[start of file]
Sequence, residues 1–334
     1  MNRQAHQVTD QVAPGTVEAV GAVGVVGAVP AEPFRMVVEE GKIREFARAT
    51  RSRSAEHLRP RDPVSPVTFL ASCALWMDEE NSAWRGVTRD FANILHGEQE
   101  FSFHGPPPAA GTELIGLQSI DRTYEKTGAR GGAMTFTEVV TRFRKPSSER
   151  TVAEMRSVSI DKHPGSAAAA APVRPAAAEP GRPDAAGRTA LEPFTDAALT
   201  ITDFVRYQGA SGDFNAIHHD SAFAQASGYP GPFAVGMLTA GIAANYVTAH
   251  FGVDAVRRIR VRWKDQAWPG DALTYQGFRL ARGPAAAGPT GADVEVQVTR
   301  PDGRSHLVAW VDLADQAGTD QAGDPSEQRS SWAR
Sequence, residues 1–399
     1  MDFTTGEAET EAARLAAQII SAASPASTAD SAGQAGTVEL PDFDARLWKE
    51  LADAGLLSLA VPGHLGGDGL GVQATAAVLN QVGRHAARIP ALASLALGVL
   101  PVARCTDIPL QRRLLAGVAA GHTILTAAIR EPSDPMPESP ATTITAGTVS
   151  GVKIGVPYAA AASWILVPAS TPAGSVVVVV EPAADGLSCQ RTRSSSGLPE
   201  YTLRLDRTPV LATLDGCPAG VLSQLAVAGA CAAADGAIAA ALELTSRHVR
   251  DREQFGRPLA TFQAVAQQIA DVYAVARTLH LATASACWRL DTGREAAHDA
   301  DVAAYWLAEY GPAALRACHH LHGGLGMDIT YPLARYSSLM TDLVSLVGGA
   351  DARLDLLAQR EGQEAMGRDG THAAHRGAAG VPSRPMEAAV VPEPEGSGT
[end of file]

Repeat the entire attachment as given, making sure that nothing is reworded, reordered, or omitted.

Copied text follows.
Sequence, residues 1–334
     1  MNRQAHQVTD QVAPGTVEAV GAVGVVGAVP AEPFRMVVEE GKIREFARAT
    51  RSRSAEHLRP RDPVSPVTFL ASCALWMDEE NSAWRGVTRD FANILHGEQE
   101  FSFHGPPPAA GTELIGLQSI DRTYEKTGAR GGAMTFTEVV TRFRKPSSER
   151  TVAEMRSVSI DKHPGSAAAA APVRPAAAEP GRPDAAGRTA LEPFTDAALT
   201  ITDFVRYQGA SGDFNAIHHD SAFAQASGYP GPFAVGMLTA GIAANYVTAH
   251  FGVDAVRRIR VRWKDQAWPG DALTYQGFRL ARGPAAAGPT GADVEVQVTR
   301  PDGRSHLVAW VDLADQAGTD QAGDPSEQRS SWAR
Sequence, residues 1–399
     1  MDFTTGEAET EAARLAAQII SAASPASTAD SAGQAGTVEL PDFDARLWKE
    51  LADAGLLSLA VPGHLGGDGL GVQATAAVLN QVGRHAARIP ALASLALGVL
   101  PVARCTDIPL QRRLLAGVAA GHTILTAAIR EPSDPMPESP ATTITAGTVS
   151  GVKIGVPYAA AASWILVPAS TPAGSVVVVV EPAADGLSCQ RTRSSSGLPE
   201  YTLRLDRTPV LATLDGCPAG VLSQLAVAGA CAAADGAIAA ALELTSRHVR
   251  DREQFGRPLA TFQAVAQQIA DVYAVARTLH LATASACWRL DTGREAAHDA
   301  DVAAYWLAEY GPAALRACHH LHGGLGMDIT YPLARYSSLM TDLVSLVGGA
   351  DARLDLLAQR EGQEAMGRDG THAAHRGAAG VPSRPMEAAV VPEPEGSGT